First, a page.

Also, while a feminist, she isn’t above noting she had some ho-ish ways in the past. But now she is a self-proclaimed responsible hoe. A feminist who recognizes the power of the penis but also the power of her vagina. One who recognizes she is multifaceted and can conjure up the spirit of Suge Knight or a gay man named LaTravious if she needs to.
And the importance of Seales being this diverse and being able to tap into the ratchet, the cultured, and academic, is because it shows you how multifaceted Blackness has become. Especially when it is allowed to flourish, is unashamed, and is comfortable in every aspect of what it means to be Black.
Making the confidence, pizzazz, and eccentric nature of Seales something you have to question: Why has the world been sleeping on her?
On The Fence
Arguably, She Is A Better Storyteller Than Joke Teller
I’m going to try to not be a fan for a moment (one who actually pays for things she puts out). If we are honest, Seales is not like other comics who are about hitting you with one joke after another like they are in a boxing match and strictly aiming for your gut. Seales is more like that co-worker who is essential to you not quitting your job. The one who isn’t trying to be funny, but just is – which is the best way to describe her comedy.
Heck, as noted on her recent trip to The Breakfast Club, she doesn’t write down jokes. So, when watching, take note that while there are setups, punchlines, and callbacks, it is more about her talking about stuff that has happened, and finding the funny. Seales is not the kind of comic flying all over the stage, making a fool of themselves, like she is a jester for your entertainment.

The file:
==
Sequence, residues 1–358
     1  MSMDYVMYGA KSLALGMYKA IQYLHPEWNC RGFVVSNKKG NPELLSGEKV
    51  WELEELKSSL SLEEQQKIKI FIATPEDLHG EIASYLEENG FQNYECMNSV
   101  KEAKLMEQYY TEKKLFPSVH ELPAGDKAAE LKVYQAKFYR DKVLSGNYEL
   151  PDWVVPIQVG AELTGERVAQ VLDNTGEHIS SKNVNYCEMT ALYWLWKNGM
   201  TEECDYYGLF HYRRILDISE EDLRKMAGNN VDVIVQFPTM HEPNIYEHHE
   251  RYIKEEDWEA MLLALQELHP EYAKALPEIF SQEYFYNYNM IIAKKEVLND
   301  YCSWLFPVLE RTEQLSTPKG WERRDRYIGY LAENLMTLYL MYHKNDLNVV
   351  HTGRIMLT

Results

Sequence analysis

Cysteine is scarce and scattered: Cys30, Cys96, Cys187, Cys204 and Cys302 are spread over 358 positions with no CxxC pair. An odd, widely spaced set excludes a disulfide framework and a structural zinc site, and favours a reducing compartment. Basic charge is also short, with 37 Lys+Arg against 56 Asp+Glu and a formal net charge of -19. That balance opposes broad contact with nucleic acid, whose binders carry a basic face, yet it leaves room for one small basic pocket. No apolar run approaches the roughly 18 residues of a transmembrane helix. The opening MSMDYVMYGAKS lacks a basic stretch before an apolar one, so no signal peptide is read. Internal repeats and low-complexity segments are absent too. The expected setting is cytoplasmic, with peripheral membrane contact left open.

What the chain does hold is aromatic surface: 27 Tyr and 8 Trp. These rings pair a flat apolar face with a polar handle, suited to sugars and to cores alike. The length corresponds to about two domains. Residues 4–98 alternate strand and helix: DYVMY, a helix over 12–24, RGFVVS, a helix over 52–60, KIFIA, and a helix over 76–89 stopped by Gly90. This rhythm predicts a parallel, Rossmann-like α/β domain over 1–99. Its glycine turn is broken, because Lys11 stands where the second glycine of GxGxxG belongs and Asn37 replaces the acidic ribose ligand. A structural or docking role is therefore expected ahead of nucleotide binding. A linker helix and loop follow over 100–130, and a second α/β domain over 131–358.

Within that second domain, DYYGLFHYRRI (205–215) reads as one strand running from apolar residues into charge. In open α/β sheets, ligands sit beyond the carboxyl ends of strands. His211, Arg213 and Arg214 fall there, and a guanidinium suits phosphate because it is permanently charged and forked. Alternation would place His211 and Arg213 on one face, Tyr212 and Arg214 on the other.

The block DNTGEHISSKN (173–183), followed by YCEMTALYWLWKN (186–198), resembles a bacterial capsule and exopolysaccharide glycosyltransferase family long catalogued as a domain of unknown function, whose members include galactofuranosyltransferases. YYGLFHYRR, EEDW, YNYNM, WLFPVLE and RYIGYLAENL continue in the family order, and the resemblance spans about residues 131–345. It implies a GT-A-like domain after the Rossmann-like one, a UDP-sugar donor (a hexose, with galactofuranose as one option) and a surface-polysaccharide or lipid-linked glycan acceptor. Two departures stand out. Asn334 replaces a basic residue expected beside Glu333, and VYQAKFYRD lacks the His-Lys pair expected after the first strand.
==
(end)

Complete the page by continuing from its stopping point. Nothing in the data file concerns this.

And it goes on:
Overall: Positive (Watch This)| Available on HBO
To know of Amanda Seales is a blessing, and to follow her on Instagram, Twitter, or listen to her Podcast, is to remember a time when comedians said things which made you think. Not in the form of questioning why they think something is funny, but when they said something so casually, and you had to pause and take note of what they said. Something which is seen in I Be Knowin’ as Seales brings up learning about the Black National Anthem, and noting she didn’t learn it until 10th grade; how passive-aggressive has somehow become what people consider professionalism, and so much more.
Hence the positive label. I Be Knowin’ truly is just a taste. It is meant to be an entry point for the curious or those recommended to check out Seales, and for those who knew her, it is a celebration. Seales herself calls it her wedding but it is more like seeing her getting an honorary doctorate, a Presidential Medal, or other awards more so based on recognition of greatness than popularity. For as any special should, it leave an exclamation point on where Seales is at this point of her life as she closes one chapter and begins a new one. A chapter hopefully more will appreciate getting to witness page by page.